The price of a new roof has a drastic range of $3,000 to $30,000 depending on size, material, and pitch. For that reason, when looking to buy or sell a home, it’s important that you know condition of the roof.
Paying for a roof inspection can bring both buyers and sellers peace of mind about the purchase price of a home. As a seller, if you don’t consider the condition of the roof, you could easily overpay for the home. Causing you to end up investing thousands of more dollars than you budgeted.
We’re going to help you understand what a roof inspector versus a normal home inspector can do for your home sale. Read along as we dive into the details of what to expect for your roof.
Do I Need A Roof Inspection?
Your roof is your only line of defense from the elements: storms, snow, and extreme temperatures. If even a few shingles are damaged, the next time it rains you could have flooding in places you won’t see. That is until it seeps through your ceiling.
If you are a buyer, you likely have no idea the kinds of storms that your house has endured and certainly don’t know the last time it was replaced. Depending on the material, a roof’s lifespan is 15 to 30 years, but any external damage from things like extreme weather or storms can shorten that lifespan significantly.
Home Inspection vs Roof Inspection
Did you know that not every home inspector will investigate the home’s roof? If the home is more than 2 stories or is exceptionally steep, they won’t get on the roof. If they feel it’s unsafe for them, they won’t make the attempt, which is a good thing to know when paying for your typical home inspection.
Furthermore, both of those are different from a roof certification, which is often required by lenders. Whoever is insuring the home will be looking for at least 3 years of life left.
You can expect a typical home inspection to cost around $200 to $500. They don’t have one particular focus but look at many places in and outside of the home that could potentially be problems.
The average cost of a roof inspection is $220 but can range from $75 to $600. This inspection, provided by a trained professional, is specific to the roof. While they will notice any significant shingle issues, they will also check the gutters, downspouts, and chimneys.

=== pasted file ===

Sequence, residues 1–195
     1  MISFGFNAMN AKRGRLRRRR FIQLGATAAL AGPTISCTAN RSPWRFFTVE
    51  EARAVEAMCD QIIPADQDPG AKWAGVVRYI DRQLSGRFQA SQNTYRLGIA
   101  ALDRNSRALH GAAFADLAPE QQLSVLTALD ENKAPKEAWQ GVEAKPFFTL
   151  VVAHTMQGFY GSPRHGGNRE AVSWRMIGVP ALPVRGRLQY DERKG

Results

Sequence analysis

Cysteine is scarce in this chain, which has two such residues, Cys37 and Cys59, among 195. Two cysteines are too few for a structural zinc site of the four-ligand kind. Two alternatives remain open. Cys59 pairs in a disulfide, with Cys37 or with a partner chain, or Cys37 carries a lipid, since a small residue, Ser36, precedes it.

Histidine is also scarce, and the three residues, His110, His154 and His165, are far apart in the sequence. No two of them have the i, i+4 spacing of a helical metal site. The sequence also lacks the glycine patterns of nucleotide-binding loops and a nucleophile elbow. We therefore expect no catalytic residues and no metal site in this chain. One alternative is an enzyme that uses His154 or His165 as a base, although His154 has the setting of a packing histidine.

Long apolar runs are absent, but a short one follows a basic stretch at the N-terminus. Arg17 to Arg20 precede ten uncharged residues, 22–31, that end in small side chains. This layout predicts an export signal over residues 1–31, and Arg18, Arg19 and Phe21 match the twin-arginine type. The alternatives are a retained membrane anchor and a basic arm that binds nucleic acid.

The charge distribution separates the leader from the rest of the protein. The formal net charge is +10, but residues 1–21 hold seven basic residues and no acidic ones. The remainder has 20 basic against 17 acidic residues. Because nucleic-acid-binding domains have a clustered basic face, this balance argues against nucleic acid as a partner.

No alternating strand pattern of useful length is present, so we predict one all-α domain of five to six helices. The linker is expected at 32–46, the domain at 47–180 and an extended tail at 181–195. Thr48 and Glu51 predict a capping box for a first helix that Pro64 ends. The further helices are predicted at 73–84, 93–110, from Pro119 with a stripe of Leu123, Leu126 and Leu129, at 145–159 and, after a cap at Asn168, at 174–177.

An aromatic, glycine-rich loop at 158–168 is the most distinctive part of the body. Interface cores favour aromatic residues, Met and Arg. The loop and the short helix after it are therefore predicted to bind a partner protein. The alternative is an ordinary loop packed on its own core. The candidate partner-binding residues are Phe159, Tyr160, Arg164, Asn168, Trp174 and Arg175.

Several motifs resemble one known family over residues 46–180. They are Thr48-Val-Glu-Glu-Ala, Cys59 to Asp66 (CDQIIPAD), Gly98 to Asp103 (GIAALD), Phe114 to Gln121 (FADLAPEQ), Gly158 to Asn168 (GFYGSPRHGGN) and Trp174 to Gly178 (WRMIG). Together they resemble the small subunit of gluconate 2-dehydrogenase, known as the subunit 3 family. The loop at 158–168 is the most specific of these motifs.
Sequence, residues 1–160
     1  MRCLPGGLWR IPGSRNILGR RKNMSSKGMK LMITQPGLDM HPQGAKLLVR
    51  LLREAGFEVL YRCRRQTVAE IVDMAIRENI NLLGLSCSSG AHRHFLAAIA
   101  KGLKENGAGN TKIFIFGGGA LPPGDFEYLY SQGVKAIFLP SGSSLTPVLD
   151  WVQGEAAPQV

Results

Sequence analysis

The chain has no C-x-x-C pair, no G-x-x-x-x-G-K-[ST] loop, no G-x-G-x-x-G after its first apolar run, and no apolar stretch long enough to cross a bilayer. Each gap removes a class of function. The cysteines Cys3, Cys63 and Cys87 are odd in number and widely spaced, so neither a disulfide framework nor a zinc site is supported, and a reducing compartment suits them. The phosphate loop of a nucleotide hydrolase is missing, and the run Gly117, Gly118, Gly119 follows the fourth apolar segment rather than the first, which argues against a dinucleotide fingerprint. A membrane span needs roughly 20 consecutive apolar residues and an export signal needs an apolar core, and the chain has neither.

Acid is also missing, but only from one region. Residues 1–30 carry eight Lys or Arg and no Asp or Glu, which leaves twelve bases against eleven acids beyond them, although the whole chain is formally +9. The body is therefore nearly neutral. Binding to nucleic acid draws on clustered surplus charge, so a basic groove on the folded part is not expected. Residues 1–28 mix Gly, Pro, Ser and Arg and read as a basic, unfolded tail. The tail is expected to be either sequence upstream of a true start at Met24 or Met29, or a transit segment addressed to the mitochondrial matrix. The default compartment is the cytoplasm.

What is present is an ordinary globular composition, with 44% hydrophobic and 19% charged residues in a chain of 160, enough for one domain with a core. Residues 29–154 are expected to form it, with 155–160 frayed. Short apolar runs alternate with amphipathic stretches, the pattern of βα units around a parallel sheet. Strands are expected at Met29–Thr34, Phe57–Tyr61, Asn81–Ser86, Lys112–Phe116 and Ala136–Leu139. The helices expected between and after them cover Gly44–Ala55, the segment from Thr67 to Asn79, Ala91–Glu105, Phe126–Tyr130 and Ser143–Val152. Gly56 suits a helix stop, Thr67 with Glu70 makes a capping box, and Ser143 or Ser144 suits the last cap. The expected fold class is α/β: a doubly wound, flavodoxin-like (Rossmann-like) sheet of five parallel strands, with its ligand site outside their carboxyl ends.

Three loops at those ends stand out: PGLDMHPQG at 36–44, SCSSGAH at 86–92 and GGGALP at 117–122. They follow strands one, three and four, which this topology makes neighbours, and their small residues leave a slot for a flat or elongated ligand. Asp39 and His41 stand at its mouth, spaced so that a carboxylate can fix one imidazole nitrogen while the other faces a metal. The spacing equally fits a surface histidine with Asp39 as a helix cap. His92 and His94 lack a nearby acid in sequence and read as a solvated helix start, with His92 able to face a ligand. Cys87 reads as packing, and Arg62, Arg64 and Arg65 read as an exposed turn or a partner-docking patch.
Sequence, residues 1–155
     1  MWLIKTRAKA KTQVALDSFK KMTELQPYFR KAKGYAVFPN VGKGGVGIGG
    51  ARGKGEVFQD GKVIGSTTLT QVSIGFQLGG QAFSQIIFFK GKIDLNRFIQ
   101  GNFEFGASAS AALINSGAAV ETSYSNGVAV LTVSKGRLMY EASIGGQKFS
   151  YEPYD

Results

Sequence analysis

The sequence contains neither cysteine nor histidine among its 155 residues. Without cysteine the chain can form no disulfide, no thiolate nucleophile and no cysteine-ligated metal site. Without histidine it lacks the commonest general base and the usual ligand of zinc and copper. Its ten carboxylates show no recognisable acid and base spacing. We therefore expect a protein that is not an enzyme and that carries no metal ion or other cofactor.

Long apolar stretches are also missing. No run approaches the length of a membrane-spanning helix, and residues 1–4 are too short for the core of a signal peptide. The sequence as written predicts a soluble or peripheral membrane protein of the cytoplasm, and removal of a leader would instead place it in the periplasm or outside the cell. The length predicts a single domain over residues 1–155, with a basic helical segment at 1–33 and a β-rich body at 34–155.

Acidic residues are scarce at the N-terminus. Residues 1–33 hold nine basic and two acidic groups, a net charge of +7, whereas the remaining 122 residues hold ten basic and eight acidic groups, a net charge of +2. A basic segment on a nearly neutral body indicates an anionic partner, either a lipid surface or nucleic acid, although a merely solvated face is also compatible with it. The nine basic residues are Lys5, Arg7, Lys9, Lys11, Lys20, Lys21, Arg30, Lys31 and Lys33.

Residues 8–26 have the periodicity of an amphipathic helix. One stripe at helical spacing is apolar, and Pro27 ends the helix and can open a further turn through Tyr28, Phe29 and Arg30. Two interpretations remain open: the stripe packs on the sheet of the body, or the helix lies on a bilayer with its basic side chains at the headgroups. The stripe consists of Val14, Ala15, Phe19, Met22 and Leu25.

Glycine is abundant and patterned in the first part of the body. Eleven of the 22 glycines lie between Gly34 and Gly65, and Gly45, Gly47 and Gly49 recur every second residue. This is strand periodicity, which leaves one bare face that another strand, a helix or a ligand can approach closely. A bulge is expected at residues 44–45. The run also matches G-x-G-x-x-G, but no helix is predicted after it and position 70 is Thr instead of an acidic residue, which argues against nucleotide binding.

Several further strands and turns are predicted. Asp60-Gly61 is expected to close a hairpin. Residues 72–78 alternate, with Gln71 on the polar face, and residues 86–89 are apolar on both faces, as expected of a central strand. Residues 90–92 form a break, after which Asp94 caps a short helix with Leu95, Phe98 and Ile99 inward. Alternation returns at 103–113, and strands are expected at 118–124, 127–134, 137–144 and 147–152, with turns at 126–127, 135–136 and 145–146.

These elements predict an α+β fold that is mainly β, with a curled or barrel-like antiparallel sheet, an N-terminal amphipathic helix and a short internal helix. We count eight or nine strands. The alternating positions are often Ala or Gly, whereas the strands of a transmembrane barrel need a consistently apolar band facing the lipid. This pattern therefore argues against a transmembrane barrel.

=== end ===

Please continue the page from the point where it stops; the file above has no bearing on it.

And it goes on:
It’s also possible that a roof inspector will use drones or infrared technology as well. Drones are perfect for roofs that are just too steep for safety, while infrared helps spot moisture and places that are leaking air.
Why Does This Benefit Me?
Unsurprisingly, a roof inspection benefits both selling and buying parties. Trying to hide damage has historically never gone well.
As a seller, you are going to be paying either way unless you have an as-is contingency. If the buyer or lender requires a roof inspection and it’s showing its age or signs of damage, you are going to have to replace it or make up for the cost somewhere else.
You may have to slash some of the price off of your house or concede on closing costs, but, either way, you will be losing money. Instead, you could have a roof inspection.
Best case scenario, everything looks great and now you know where to set your selling price. Worst case scenario, you pay for a new roof, and up your resale value by about $12,000 to $15,000.
There are certain circumstances where all you should have to pay is your insurance deductible. For instance, you can prove that damage from unforeseen acts of nature has injured your roof, and your insurance should pay to have that fixed.
In fact, some companies offer free roof inspections if they know a storm has been through the area causing damage. This is because once they have proof of weather damage, like hail, they know you’re more likely to hire them for the work that your insurance company is going to pay for.
One thing is for sure. The sale of your house won’t be tied up for weeks while you figure out what to do when your buyers demand a new roof. Your home sale will move quicker, and you’re more likely to receive your asking price after having a roof inspection.
As a buyer, a roof inspection benefits you the most! Knowing the state of the roof puts you in the best position to counter offer and know what to expect moving forward with the home.
The only thing you have to lose is the cost of paying for the roof inspection. However, if the outcome of not having one could result in you paying for thousands of dollars of home damage on top of the cost of replacing the roof, it’s a worthy cost.
If your inspection report comes back that the roof is damaged or outside of its lifespan, you are in the perfect position to negotiate. You could ask that the seller pays for the work and wait for the project to be completed before buying. On the other hand, you can opt to have the seller give you a credit. Then you can opt to have the work done yourself.
It’s a good idea to get an estimate for the roof replacement so that you know what option works best in your favor. Another important thing to confirm is the legality of the replacement and the company performing the replacement.
If the roof inspection report comes back that it’s in good condition and still has years left on its lifespan. You now have peace of mind.
Now, you can budget appropriately for when it’s time for its replacement.
Get an Inspection
Whether you are a buyer or a seller, a roof inspection is an important part of the home inspection checklist. It can save you money and a lot of future headaches.
Don’t put off until tomorrow what needs to be dealt with today. If you are in the market for a new roof, check out our services, and we’ll give you a helping hand!